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Student-run clinic at Ozanam Inn moves into dedicated space

November 19, 2021 2:30 PM
Carolyn Scofield scofield@tulane.edu

A picture of the new clinic space at the Ozanam Inn along with some of the student and physician volunteers to help run it. (Photos provided)


Saturday and Sunday afternoons are often reserved for relaxing or studying, but a group of dedicated Tulane University School of Medicine students and physicians spend time each weekend helping people get the medical assistance they need. The students run a clinic at the Ozanam Inn, a local shelter for homeless and underserved people. The shelter just moved into a new space and expanded its facility.  This expansion allows them to house women for the first time in the Ozanam Inn’s 66-year history, and the new shelter also includes a separately dedicated space for medical care.

“There are four clinic rooms with real exam tables where we have the ability to do actual physical exams,” said one of the physician volunteers, Helen Pope, MD, an instructor of medicine at Tulane School of Medicine. “We also have access to an OBGYN table, which allows us to give more complete examinations.”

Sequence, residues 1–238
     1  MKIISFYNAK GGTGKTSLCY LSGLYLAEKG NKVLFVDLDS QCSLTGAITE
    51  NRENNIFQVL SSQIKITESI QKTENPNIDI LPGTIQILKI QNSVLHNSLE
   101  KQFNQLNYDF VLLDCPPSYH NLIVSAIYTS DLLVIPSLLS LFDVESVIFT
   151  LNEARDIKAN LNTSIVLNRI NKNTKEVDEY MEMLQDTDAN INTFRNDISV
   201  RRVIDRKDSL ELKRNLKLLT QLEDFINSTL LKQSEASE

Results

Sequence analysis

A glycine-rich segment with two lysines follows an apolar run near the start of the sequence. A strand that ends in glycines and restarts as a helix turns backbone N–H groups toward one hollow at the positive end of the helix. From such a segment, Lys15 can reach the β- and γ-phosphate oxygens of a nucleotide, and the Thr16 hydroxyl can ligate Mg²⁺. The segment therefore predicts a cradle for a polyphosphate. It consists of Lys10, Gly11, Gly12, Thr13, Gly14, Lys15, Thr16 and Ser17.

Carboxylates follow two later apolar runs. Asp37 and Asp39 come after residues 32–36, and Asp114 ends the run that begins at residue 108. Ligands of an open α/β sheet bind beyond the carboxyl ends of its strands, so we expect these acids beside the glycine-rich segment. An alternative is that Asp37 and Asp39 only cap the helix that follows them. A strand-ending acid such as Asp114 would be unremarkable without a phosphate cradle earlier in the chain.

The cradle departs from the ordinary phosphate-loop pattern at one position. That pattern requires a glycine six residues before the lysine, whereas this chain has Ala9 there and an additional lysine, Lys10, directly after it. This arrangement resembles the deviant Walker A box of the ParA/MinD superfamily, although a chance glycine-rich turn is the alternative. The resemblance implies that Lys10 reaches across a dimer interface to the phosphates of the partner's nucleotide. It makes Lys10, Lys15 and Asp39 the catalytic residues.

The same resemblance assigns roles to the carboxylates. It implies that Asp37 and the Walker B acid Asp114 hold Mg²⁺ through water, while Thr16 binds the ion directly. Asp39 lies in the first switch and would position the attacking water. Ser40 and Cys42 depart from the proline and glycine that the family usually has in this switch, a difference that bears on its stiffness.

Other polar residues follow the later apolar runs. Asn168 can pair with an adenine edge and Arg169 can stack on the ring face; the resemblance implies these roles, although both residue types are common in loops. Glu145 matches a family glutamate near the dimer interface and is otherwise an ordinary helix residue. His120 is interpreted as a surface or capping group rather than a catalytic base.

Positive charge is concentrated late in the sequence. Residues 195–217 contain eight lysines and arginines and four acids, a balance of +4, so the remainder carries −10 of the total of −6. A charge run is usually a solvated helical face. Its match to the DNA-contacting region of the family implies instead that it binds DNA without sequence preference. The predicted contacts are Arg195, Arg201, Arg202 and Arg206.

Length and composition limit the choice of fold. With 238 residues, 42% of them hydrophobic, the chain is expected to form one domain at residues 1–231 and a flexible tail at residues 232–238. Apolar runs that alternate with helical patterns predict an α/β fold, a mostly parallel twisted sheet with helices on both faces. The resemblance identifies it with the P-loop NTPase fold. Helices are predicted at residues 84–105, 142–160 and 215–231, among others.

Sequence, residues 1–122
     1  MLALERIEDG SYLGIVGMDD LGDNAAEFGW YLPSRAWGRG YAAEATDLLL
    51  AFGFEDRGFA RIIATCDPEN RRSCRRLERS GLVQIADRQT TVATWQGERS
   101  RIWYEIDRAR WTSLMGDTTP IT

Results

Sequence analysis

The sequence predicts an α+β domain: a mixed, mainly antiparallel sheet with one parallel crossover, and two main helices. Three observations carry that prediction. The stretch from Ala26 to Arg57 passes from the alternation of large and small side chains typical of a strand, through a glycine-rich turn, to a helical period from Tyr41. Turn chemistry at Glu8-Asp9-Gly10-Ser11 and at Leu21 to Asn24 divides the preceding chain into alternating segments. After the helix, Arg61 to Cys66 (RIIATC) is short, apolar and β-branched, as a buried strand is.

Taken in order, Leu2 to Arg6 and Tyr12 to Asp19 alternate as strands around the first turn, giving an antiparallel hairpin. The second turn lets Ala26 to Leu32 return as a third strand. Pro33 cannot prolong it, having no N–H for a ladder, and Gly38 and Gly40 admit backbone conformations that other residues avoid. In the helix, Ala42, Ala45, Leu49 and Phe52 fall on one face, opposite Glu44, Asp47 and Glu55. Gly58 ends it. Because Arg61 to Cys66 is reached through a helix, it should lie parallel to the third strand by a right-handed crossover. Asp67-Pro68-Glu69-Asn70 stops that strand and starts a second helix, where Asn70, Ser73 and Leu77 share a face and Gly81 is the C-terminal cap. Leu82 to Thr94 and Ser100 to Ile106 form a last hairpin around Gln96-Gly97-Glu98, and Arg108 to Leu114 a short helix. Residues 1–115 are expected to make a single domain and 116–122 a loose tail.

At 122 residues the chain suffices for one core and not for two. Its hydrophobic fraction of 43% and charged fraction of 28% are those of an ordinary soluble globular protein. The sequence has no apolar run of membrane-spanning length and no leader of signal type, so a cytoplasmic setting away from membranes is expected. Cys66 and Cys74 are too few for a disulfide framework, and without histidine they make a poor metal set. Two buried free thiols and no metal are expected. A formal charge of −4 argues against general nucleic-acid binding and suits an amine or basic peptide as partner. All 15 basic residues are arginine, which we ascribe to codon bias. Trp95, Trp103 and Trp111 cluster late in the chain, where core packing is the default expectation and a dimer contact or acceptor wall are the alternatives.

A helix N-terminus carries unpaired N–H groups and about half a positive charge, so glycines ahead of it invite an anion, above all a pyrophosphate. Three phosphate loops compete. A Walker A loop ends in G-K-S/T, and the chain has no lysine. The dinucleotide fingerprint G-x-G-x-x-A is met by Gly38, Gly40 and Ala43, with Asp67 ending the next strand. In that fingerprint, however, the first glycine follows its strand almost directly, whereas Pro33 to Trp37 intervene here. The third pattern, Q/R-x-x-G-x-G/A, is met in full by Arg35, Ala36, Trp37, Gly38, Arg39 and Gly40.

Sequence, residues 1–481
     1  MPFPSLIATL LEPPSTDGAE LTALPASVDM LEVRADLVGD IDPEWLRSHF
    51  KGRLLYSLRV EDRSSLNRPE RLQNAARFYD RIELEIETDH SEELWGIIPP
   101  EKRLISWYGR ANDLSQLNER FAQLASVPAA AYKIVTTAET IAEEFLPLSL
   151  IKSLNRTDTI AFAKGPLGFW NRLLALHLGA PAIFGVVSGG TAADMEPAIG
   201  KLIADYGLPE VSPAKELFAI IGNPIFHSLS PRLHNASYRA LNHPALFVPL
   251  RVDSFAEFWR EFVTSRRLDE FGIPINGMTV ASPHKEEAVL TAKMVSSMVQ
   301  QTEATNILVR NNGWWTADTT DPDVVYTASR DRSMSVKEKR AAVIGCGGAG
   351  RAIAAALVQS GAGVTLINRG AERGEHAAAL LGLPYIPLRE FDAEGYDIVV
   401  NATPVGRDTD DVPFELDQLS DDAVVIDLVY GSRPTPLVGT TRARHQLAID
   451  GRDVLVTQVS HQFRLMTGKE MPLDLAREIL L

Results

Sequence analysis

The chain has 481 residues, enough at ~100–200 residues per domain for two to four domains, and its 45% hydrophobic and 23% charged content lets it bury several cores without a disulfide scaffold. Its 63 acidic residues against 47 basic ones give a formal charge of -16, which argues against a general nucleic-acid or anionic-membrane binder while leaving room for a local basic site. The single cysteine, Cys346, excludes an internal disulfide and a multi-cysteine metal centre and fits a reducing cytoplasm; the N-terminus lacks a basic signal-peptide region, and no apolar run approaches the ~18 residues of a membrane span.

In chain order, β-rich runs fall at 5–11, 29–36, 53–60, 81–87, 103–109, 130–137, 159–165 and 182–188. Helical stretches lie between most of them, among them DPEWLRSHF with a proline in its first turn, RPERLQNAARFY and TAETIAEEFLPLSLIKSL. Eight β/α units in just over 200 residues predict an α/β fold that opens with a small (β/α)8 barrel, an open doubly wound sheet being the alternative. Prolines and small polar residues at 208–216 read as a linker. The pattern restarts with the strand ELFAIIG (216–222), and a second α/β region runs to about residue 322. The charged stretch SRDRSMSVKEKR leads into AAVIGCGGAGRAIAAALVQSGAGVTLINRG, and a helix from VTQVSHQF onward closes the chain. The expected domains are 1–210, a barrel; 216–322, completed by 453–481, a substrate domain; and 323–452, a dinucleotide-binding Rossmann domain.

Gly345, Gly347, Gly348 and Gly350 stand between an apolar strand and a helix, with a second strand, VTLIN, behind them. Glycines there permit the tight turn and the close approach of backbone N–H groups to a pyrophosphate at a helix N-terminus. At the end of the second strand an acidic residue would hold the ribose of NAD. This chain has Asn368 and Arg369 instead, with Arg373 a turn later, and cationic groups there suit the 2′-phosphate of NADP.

Volunteer doctors and medical students from Tulane and LSU perform basic healthcare services in-house and make referrals to area hospitals when necessary. They also offer several health screenings such as TB tests, Hepatitis C tests and more. Additionally, the clinic now has dedicated space for free dental exams, complete with a dentistry chair and x-ray machine.

The clinic operates as a front line for vulnerable people who need help accessing medical services. Students and physicians can fill prescriptions that have lapsed, refer patients for further treatment and help people access the Health Care for the Homeless program offered through the New Orleans Health Department.

“It would be great if we could treat patients for issues like high blood pressure or substance abuse before those problems lead to major health complications,” said Pope. “That’s the goal of this clinic. It’s for catching the people who don’t have primary care and getting them back into the healthcare system.”